44. Mr. Mehta, learned Counsel for the Corporation brings to our attention the fact that in Almitra H. Patel v. Union of India and Ors. (Writ Petition No. 888 of 1996), the Supreme Court had been pleased to appoint a High Power Committee to go into the working of Solid Waste Management in Class I cities in India. This High Power Committee made a report sometime in March 1999 and this Committee had suggested in the Preface to the report that the State laws needed several amendments to make Solid Waste Management practices effective and also suggested to the Government of India to keep the Solid Waste Management Services outside the purview of the Contract Labour (Regulation and Abolition) Act, 1970 so as to enable public private partnerships and private sector participation in selected areas of Solid Waste Management for improving the quality of life in urban areas. In paragraph 2.7.3, the said Committee observed:

'2.7.3 Public Private Partnership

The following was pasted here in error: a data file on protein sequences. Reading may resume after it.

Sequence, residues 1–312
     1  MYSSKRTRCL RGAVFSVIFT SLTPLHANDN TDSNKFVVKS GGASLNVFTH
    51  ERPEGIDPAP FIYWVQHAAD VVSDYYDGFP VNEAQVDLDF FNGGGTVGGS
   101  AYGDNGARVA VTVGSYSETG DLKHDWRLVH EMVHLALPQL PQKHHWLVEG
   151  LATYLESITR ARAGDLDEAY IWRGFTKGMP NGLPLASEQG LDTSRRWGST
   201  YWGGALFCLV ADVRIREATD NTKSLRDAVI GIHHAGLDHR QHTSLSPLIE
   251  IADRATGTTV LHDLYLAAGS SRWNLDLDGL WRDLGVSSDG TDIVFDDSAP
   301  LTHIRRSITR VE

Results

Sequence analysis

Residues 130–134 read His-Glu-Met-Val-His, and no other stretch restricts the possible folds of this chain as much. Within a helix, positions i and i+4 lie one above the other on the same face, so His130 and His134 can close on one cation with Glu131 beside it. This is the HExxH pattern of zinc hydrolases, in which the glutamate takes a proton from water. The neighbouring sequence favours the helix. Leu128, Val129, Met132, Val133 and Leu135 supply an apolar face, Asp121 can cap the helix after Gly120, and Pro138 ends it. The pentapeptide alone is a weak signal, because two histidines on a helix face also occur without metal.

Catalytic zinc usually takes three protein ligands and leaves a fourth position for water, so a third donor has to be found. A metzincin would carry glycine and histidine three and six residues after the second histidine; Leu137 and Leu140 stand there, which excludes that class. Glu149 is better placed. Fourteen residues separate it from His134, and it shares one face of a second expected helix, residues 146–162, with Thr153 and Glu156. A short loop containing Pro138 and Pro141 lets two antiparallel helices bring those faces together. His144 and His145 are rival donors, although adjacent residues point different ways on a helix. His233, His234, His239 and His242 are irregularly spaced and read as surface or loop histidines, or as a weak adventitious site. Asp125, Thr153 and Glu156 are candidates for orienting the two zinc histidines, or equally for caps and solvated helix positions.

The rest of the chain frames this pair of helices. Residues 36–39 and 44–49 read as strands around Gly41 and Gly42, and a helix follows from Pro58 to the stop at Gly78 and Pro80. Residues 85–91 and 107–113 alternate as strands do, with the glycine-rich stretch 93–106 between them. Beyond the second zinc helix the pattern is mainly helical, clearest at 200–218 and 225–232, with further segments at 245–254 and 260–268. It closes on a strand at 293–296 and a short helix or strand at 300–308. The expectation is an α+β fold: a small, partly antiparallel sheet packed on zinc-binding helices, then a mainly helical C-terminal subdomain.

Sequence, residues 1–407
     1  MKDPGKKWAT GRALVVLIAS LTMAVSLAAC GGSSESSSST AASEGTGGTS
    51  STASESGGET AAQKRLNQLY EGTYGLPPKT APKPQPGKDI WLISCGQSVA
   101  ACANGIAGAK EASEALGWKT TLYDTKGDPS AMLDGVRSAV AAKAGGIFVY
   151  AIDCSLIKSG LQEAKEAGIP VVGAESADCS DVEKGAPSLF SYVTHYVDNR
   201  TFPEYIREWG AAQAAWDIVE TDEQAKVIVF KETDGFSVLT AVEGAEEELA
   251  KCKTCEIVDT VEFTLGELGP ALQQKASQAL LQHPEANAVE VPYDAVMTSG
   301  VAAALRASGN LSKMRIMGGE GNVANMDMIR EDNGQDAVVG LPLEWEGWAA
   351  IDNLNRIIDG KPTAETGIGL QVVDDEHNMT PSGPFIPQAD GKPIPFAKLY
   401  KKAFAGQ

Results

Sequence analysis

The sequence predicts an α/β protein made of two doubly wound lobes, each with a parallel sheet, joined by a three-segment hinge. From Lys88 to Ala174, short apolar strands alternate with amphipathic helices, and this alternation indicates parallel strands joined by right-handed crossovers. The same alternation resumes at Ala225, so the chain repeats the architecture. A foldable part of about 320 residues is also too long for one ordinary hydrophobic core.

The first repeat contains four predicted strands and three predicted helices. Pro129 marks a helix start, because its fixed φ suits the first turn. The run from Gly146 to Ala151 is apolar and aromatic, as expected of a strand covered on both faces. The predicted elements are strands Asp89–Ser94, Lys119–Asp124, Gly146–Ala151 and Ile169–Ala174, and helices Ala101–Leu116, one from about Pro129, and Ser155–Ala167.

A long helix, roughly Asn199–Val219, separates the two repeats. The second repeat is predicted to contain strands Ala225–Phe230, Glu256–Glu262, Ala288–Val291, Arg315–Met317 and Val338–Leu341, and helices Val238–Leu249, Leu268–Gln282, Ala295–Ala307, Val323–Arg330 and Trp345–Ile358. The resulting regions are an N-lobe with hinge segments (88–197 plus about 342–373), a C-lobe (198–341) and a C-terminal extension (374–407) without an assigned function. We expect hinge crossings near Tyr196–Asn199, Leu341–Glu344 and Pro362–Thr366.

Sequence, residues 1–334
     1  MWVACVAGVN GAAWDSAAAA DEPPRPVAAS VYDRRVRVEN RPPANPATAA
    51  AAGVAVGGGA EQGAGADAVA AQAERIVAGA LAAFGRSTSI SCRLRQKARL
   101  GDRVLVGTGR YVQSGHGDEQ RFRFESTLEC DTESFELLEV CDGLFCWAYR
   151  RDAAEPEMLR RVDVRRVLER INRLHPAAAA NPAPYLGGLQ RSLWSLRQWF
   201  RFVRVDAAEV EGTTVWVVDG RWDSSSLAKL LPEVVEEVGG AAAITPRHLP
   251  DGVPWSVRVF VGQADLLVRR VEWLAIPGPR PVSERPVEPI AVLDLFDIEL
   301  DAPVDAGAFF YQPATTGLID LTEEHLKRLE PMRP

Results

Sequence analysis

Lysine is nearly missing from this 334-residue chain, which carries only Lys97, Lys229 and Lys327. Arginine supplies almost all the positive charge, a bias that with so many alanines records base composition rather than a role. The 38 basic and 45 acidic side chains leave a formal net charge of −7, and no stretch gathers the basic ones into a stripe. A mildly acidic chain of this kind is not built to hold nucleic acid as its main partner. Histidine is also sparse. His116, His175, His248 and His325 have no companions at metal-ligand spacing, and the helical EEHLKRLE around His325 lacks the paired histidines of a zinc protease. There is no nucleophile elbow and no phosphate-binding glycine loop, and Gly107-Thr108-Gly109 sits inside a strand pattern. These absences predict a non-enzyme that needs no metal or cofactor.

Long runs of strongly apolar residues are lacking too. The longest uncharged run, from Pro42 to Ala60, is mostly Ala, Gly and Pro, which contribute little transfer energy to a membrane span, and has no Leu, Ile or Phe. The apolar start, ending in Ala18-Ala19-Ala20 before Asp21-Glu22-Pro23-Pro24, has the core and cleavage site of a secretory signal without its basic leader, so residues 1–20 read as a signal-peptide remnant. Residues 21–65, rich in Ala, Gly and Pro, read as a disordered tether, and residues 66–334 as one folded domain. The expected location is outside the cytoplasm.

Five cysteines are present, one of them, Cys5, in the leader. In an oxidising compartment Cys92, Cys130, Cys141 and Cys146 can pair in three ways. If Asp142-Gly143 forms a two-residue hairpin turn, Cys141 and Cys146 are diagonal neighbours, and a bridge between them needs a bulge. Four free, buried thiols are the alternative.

Public indifference, increasing establishment costs of service and deteriorating standard of service rendered by the work force for various reasons, has compelled local bodies to think about introducing the element of public-private partnerships or private sector participation in the service.

Presently private sector participation is being attempted in getting vehicles on contract and at some places contracts are being given to do collection and transportation of waste, which is working well. Recently many cities in the country have entered into contracts or memorandums of understanding with private companies for setting up compost plants with or without power generation. More and more cities plan to involve the private sector in various aspects of solid waste management. The provisions of the Contract Labour (Regulation and Abolition) Act, 1970 do not permit contracting out of services which are currently being provided by the urban local bodies departmentally.'